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O/T - Handgun advice wanted

Discussion in 'Off Topic Threads' started by GBatch_25, Oct 21, 2012.

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  1. GBatch_25

    GBatch_25 Active Member

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    Not trapshooting related, but I'm hoping to get some good input here.

    A good friend of my wife's has wanted to learn to shoot and purchase a handgun for home protection. Over the past few months, Ive taken her and her husband to our range and allowed them to try a variety of guns - Glock, 1911, H&K, Ruger, a Lady Smith revolver, etc.

    Here is the dilemma. She has very small hands and when trying to grip any weapon so far, she cannot seat the pistol firmly in her right hand with finger on the trigger AND the butt of the grip on the heel of her hand. She shot my HK P30 today and did pretty well with it after I used the smallest backstrap and side panels. Even then, her grip isn't as firm as I'd like it to be. We may try the Glock Gen 4 as it also has an adjustable grip.

    So, has anyone had a similar experience trying to find a handgun for a lady with small hands ? The Lady Smith comes closest to fitting her, but she is partial to a semi-auto.

    Thanks in advance.

    Gene in Illinois
     
  2. crusha

    crusha TS Member

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    Is a Sig 238 too big for her?


    I'd still recommend she start with a .22 to develop marksmanship, and work her way up to a centerfire, though. JMO. Think about how long it takes most people to develop decent newbie handgun marksmanship, with steady practice. I think 6 months to a year is the absolute minimum, and that's with somebody who's unusually committed and is willing to hit the range at least once, twice a week.


    Sorry, didn't mean to steer off on a tangent. You're trying to do a good thing here. I just like to see people get off to a good start. People don't expect to register for a half-marathon with no running experience, and yet every week, it amazes me that I see people trying to start new female learners on centerfire guns, right off the bat...and the amount of time investment involved to become a proficient handgun marksman starting from "zero" is usually about the same. (There's no shortage of few-week newbie courses that will take peoples' money and crank out graduates, but that doesn't mean they're ready in 3 weeks).
     
  3. GBatch_25

    GBatch_25 Active Member

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    buzz-gun:
    You're not off base at all.
    In fact, at the range today, a friend showed me his new Beretta semi auto 22. Reminded me a little of a Browning. Anyway, he offered to let my lady friend try it and she did and liked it.
    Getting used to good gun control is a key.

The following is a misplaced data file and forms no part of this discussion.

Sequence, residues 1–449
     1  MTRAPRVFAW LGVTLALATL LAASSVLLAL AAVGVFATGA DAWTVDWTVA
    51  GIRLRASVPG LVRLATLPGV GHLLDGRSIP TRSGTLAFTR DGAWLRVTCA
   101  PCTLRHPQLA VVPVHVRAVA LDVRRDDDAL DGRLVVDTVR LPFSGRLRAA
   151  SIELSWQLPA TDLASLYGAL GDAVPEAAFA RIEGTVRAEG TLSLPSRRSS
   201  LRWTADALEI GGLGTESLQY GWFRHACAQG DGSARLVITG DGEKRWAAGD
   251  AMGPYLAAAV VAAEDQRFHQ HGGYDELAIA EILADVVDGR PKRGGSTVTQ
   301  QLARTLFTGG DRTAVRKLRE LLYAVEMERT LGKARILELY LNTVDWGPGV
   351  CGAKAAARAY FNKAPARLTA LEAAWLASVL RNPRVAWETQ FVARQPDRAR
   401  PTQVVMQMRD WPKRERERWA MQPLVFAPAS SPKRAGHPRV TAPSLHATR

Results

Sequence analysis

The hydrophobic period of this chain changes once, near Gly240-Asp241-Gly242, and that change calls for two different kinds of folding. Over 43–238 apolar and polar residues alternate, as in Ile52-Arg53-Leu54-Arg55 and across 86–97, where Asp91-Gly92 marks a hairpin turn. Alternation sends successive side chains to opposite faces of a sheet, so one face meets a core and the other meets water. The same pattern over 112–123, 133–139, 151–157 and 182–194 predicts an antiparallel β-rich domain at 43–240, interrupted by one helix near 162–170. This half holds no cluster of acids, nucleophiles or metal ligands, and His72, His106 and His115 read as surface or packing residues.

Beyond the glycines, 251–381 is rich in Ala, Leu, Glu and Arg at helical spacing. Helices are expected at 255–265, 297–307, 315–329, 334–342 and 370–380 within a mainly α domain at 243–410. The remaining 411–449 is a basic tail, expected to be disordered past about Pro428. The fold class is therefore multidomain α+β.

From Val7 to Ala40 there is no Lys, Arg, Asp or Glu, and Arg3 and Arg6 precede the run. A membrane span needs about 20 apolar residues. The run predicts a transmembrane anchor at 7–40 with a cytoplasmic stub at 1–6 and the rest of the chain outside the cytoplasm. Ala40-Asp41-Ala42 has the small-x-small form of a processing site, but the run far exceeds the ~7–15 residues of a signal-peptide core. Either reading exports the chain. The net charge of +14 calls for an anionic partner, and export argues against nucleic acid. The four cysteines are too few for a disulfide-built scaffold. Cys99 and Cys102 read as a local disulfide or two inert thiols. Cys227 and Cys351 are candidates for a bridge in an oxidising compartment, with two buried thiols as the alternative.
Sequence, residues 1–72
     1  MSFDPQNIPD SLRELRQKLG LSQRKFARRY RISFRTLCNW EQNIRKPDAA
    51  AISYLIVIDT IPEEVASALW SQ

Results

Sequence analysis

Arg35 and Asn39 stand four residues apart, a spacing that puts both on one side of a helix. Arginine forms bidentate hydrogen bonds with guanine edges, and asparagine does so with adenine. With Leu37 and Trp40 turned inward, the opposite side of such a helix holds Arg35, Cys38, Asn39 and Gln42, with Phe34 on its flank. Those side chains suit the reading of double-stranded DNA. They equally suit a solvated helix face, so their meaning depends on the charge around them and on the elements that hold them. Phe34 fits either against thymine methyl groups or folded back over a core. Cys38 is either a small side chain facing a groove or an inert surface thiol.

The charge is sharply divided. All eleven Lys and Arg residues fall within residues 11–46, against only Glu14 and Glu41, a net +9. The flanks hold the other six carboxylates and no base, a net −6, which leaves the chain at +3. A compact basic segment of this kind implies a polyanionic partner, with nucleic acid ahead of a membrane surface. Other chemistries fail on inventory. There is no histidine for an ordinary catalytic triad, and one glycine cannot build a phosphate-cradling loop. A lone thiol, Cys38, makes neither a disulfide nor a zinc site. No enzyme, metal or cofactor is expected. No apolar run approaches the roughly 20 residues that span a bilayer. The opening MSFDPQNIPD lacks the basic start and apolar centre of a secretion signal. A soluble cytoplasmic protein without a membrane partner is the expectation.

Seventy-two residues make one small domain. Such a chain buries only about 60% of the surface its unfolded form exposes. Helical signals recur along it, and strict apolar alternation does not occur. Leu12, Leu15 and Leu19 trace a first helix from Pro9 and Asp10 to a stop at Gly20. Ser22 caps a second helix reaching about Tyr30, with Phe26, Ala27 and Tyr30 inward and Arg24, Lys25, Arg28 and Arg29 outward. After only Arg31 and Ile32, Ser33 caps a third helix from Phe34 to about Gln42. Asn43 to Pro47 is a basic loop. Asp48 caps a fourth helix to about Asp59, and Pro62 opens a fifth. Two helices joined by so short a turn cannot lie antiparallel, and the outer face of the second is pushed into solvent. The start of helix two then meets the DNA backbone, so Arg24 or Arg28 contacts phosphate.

Gene in Illinois
     
  4. crusha

    crusha TS Member

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    Gene,


    Those little Berettas are cool guns. And, best part is....they come in .25 and .32 versions that have similar operating characteristics, if she's very small-handed & wants to graduate to something a little more.


    Not an ideal defense gun...but it's an option, if her hand situation is less than ideal also. The important thing is something she enjoys shooting, because she needs to do a lot of that if she's going to develop proficiency. Big Bangs that cost $.50 a shot have probably turned more newbies off handgun shooting in the first year than we will ever know.
     
  5. Shooting Coach

    Shooting Coach Well-Known Member

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    Try a Smith "J" frame with stock grips. Recoil may be an issue, so use wadcutters. My carry wheelgun is a Smith 640, all steel 357. This little rocket can run a plate rack. The little Smiths are very accurate in the hands of an experienced shooter. They also have less distance between back strap and trigger than most any other handgun.

    Limited hand strength can be corrected by using a Gripmaster. These are available at many sporting goods stores, or Amazon.

    A 22, 25, or 32 is not likely to quickly stop a determined attacker unless a precision shot is made. I hesitate to recommend a 380, but is DOES beat a rock (barely).

    She must shoot and practice with any carry arm to be able to hit with it.
     
  6. dmarbell

    dmarbell Active Member

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    How about Glock 26, or similar sized guns? Also, single stack guns like Para Ordnance Carry 9 and Slim Hawg have thinner grips. Might still be too big for really small hands.

    Danny
     
  7. 635 G

    635 G Well-Known Member

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    For a woman with small hands, she may not be able to rack an auto loader, also a S&W j frame may be too much for her in DA. I was told the Ruger LCR may be a better choice. My wife uses a S&W 317, with Aguila Hyper max-yeah its a 22 lr, but there are 8 of them & they are rated @ 204 ft. lbs. And a big plus is the Crimson Trace.